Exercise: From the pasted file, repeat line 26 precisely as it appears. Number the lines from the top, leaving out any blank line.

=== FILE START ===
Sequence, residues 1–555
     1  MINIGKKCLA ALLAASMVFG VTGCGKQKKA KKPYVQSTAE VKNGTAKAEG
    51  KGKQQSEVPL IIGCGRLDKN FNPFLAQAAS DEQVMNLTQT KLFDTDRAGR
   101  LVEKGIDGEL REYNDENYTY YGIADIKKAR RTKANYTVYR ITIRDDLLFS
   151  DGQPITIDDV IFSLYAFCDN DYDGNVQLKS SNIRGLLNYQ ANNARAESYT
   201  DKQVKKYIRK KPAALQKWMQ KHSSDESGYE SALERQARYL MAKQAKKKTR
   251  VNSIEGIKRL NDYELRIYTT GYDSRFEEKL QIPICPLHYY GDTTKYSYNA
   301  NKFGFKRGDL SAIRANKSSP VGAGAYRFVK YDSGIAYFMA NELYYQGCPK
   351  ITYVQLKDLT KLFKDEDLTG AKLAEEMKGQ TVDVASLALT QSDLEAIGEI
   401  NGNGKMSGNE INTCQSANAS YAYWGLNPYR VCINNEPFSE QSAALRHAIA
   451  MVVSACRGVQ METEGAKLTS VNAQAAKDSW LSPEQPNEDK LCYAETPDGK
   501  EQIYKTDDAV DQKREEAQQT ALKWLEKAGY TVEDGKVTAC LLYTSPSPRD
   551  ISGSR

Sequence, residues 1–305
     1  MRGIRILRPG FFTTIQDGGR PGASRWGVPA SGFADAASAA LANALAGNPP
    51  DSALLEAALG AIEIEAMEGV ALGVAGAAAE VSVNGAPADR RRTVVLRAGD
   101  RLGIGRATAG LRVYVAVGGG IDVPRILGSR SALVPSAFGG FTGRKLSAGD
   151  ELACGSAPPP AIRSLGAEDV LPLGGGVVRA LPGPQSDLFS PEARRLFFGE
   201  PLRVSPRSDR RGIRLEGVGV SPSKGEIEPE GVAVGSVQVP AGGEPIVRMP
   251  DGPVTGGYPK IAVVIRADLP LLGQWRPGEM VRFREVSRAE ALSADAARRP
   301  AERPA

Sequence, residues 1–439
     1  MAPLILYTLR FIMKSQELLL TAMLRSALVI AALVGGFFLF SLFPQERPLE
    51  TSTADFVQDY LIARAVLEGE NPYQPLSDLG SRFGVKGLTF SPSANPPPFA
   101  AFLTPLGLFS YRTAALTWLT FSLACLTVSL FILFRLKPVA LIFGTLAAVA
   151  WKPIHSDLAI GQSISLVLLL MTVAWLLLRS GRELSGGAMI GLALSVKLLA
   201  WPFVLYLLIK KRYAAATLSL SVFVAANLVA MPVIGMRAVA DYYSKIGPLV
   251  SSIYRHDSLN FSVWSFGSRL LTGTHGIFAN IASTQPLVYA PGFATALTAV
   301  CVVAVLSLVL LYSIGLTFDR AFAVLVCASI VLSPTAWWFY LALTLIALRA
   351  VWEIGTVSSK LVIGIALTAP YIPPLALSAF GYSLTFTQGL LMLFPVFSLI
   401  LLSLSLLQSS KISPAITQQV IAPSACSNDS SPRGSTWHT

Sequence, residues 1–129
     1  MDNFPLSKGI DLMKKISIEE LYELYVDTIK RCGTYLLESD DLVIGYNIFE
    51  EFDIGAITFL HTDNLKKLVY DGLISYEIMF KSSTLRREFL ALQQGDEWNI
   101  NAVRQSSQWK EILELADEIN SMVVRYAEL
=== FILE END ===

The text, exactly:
   151  WKPIHSDLAI GQSISLVLLL MTVAWLLLRS GRELSGGAMI GLALSVKLLA